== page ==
Notes of a Binge Thinker

Thoughts from NTLP's Executive Director

The Future of Reading (and Happy Holidays!)

As many of you know, I am currently working on my next column, which will highlight the role of the book in the library in the next decade.  As part of my research, I brought up the theme with my family over the weekend.  Everyone confirmed what I already knew, that they all still love the book.  After thinking about it for a while, I then asked them the following question.  If books disappeared tomorrow, would you still read.  All of them said yes. For them, it was the love of reading more than the love of the book that drove them to read. I couldn’t agree more.

This afternoon, I read the following in this article about the future of reading.

“There is no humanity reading a book on a computer,” wrote an anonymous commenter on the popular site ParentDish .com. “You have lost the interaction with the page. How sorry I am for all of you who will never know the pleasure of turning the pages of a book.”

Really!!??? Are we so in love with books that we do not see the humanity of the written word no matter what form it takes?  What do you think?  Can we have a positive reading experience without it being in the form of a book?

I also wanted to take a quick moment to wish everyone a Happy and Safe Holiday.    See everyone next year. :>


Written by amwlkaw

December 22, 2009 at 2:40 pm

Posted in Misc

2 Responses

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  1. Role of the book is always will be important. May be the shape and the form will change but not the insides. Though there are things about digital tech that make you think that the science fiction of Ray Braburrey will be reality so soon . I hope Mr journalist read this novel. What will happen if all digital technology will fail one day ? We’ ve already had some issues with internet and if everything will be online what we will do if we are offline . Quote from wickipediA ” Novel presents a future American society in which the masses are hedonistic and critical thought through reading is outlawed. The central character, Guy Montag, is employed as a “fireman” (which, in this future, means “bookburner”). The number “451” refers to the temperature at which book paper auto-ignites. Although sources contemporary with the novel’s writing gave the temperature as 450 °C (842 °F), Bradbury apparently thought “Fahrenheit” made for a better title.[1][2] The “firemen” burn them “for the good of humanity”. Written in the early years of the Cold War, the novel is a critique of what Bradbury saw as issues in American society of the era.[His original intention in writing Fahrenheit 451 was to show his great love for books and libraries. Bradbury has stated that the novel is not about censorship, but is a story of how television destroys interest in reading literature, leading to a replacement of knowledge with “factoids”, partial information devoid of context, such as Napoleon’s birth date with no explanation of who he was.[7][8]”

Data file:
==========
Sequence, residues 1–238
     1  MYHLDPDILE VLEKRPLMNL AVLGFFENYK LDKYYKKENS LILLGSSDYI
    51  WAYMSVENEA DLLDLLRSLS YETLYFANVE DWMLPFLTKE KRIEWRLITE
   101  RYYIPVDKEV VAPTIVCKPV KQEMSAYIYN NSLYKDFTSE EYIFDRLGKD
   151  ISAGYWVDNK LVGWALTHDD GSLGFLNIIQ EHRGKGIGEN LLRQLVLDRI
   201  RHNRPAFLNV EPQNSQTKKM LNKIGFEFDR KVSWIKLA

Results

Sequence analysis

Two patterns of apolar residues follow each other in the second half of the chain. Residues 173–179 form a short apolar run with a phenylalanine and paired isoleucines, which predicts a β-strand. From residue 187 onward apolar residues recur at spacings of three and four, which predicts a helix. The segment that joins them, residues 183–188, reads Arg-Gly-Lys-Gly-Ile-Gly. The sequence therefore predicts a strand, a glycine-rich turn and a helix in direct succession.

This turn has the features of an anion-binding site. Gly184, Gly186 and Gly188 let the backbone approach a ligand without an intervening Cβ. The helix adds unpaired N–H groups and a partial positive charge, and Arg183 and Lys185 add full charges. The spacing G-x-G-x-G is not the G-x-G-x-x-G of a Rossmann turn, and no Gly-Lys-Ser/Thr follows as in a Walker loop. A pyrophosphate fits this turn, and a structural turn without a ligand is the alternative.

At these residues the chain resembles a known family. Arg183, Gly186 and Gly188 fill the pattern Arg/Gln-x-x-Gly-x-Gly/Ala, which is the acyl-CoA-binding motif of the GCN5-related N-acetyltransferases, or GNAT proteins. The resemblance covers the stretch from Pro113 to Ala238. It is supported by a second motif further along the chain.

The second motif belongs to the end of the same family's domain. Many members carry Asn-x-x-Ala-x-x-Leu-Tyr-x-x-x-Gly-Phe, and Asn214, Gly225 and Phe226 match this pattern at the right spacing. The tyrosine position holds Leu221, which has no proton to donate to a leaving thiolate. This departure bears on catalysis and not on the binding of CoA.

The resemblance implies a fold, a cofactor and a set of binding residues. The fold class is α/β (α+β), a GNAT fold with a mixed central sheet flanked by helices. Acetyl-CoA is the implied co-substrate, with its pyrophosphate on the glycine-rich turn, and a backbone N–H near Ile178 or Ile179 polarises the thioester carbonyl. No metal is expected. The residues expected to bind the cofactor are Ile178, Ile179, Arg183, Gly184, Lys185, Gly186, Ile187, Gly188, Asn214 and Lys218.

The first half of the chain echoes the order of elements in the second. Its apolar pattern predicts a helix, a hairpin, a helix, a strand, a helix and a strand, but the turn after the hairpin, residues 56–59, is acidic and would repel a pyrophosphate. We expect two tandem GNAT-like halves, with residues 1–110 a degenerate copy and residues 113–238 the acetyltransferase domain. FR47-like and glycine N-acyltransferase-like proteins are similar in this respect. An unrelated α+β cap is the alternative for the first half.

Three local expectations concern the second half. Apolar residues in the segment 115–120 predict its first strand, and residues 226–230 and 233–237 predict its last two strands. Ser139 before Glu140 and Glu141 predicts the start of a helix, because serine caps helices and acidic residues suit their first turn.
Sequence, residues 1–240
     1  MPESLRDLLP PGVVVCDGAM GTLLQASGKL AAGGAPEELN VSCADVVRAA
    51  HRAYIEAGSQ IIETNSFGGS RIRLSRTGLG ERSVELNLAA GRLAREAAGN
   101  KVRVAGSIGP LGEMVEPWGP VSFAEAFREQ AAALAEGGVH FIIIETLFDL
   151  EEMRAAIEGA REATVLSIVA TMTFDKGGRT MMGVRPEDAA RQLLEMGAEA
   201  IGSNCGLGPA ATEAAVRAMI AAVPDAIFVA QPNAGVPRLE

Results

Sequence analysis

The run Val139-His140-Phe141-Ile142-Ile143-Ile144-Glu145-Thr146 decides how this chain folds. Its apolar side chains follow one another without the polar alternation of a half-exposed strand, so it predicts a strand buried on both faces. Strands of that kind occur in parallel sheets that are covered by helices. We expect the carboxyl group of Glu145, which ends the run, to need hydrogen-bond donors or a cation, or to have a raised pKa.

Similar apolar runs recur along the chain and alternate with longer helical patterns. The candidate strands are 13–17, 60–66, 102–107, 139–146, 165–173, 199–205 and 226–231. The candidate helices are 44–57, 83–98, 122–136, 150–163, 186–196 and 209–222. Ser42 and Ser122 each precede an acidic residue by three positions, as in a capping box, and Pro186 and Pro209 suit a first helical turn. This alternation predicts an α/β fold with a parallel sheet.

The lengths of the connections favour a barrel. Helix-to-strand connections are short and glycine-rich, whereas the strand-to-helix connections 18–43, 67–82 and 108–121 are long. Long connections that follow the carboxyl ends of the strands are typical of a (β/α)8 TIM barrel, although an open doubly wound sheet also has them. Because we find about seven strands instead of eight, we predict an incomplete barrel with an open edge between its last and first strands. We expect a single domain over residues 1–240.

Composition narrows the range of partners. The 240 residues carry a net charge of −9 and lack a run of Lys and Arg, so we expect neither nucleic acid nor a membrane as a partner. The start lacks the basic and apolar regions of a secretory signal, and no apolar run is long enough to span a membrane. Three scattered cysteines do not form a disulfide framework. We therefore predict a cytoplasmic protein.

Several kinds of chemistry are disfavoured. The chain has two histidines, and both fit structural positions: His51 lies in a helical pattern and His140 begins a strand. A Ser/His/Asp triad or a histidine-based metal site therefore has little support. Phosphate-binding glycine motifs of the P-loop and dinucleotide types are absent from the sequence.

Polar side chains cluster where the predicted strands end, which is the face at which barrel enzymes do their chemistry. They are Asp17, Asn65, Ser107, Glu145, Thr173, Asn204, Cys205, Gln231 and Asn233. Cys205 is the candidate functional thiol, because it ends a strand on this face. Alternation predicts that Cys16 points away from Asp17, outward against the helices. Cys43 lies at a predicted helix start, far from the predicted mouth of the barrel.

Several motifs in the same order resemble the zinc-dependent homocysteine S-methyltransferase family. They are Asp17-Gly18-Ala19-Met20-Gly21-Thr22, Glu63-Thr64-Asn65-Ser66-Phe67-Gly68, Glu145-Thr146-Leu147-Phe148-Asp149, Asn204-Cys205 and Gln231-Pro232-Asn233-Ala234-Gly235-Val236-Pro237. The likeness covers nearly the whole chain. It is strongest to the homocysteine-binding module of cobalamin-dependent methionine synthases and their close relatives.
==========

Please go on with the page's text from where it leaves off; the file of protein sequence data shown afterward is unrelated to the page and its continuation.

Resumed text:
Another side of the problem is would be digital technology wide spread for everybody and if everybody would have ability to access it. As I know not every our patron has internet access or computer at home. Other words will be these people limited only to library hours ? If we really want to have everything digital then society should be ready economically and “fully trained”. No I am not against the modern technology beeing in the library but let people have a choise a cd book or digital or paper . I know many of them would say they would prefer paper because you can relax in the comfy recliner under soft light of the lamp and read and by the way it is easy on your eyes too. There is interesting info here


    December 30, 2009 at 7:01 pm

  2. As much as I love the tactile experience of reading a book and will always prefer that to any electronic format, obviously, I will continue to read in any way it is available to me.
    One advantage to digital for our transient society is the elimination of a multitude of heavy boxes when moving! Personally, that is the reason my library has been radically scaled down over the years. Even my elderly parents have joined the Kindle bandwagon before me! Shocking, I know!
    The other day I heard an ad for Half-Price Book Store that strives to keep people emotionally connected to physical books probably targeting Baby Boomers. In many ways, I agree with them and can still spend hours lost in a bookstore. I’ve also been known to curl up with my Bible and fall asleep.
    But, no matter the format, those who have a love for reading and research will carry on.


    January 5, 2010 at 11:34 am

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